Belfast Telegraph

Northern Ireland Assembly must back day centres

By Pat Lawlor

Since November 2015 there has been a highly successful campaign to keep open three day centres at Whiterock, Everton and Ravenhill in Belfast which provide vital support for people with mental health and learning difficulties.

These centres have been threatened with closure by the Belfast Trust as a means to cut costs and outsource services currently provided by health service staff to the community and voluntary sector.

The Belfast Trust had hoped to rubber-stamp the decision at its board meeting in January.

But the board was forced to defer its decision by the tireless work of service users, carers, trade unions and supporters, who gathered thousands of signatures on petitions, handed out thousands of leaflets and organised numerous public protests.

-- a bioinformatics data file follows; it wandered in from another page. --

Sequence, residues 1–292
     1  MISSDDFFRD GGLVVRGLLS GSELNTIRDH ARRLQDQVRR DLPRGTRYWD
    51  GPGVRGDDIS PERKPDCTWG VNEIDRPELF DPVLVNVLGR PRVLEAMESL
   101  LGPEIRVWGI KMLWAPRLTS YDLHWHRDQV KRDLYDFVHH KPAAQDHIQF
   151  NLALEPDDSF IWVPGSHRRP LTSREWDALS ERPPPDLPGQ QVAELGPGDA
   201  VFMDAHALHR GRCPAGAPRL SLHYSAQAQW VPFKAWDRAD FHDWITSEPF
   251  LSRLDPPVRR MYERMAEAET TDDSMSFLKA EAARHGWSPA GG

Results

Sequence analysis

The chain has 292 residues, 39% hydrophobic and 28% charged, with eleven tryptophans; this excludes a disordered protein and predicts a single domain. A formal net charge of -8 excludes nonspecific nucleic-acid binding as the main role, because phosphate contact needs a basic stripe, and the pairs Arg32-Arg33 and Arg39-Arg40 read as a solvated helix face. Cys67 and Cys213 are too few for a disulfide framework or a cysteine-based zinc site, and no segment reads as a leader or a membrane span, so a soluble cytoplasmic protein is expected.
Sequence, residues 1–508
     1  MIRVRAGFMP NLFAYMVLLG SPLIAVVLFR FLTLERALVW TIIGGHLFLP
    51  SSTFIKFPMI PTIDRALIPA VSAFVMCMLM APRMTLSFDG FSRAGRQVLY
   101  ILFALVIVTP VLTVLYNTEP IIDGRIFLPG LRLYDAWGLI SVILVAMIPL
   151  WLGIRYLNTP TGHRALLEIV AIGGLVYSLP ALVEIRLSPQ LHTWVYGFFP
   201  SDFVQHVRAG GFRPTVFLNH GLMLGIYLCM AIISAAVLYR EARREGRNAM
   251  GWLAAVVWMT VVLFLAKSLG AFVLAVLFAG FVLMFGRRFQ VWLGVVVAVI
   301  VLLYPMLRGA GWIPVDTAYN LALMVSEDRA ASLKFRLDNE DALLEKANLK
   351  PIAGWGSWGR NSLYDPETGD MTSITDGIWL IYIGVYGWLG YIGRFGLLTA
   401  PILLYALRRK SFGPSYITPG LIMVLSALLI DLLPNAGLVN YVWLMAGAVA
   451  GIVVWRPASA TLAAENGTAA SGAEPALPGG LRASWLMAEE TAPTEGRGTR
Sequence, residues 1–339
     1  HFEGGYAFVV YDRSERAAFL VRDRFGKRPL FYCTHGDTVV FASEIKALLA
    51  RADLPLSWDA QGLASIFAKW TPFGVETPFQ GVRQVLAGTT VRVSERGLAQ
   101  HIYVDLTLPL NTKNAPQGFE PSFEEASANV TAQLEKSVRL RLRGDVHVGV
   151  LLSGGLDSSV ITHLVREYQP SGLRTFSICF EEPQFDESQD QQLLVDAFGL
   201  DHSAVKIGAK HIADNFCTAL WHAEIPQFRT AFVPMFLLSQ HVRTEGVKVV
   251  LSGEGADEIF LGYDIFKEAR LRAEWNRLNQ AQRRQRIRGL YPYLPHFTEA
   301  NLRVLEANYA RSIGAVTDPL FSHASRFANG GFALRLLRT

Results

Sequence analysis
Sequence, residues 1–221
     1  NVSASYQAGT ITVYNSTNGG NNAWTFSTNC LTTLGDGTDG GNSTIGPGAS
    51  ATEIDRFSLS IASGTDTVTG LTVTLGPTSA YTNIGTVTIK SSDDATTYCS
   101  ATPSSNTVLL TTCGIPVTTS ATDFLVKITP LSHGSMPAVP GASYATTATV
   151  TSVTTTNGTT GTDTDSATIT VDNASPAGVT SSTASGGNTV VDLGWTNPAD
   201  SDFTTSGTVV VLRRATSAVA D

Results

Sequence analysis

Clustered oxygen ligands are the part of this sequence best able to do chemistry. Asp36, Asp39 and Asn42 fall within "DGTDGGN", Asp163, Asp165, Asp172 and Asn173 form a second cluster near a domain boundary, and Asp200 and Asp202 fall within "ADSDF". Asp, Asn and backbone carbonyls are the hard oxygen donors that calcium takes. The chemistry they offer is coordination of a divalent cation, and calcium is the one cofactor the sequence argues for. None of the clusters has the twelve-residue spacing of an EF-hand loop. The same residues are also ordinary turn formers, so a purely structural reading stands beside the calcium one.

There is rising confidence by service users and carers in the Save Our Day Centres campaign, as recent meetings with senior management have indicated it is likely the decision will not be made until after the Assembly elections - if at all.

The trust board is rattled by the public campaign that exposes how it is willing to put at risk the mental health and physical well-being of more than 200 service users, carers and families.

Service users understand it is critical to turn up the heat on the Belfast Trust board and the Executive.

The trust's board has made it very clear the decision lies with the Health Minister and the Assembly. The Save Our Day Centres campaign understands it is likely that the Health Minister may change after the elections, so it is essential this becomes an election issue.

The Save Our Day Centres campaign demands that all Assembly parties must state openly if they will halt this consultation if it comes to the Assembly after the election. If they do not, it is the intention of the campaign to let the voters know that they are willing to see the closure of these vital day centre services.

The Save Our Day Centre campaign is committed to continue to campaign through public stalls, leafleting and protests and build a mass campaign in the run-up to the elections - and beyond.

Pat Lawlor is an activist in the Save Our Day Centres campaign

Belfast Telegraph


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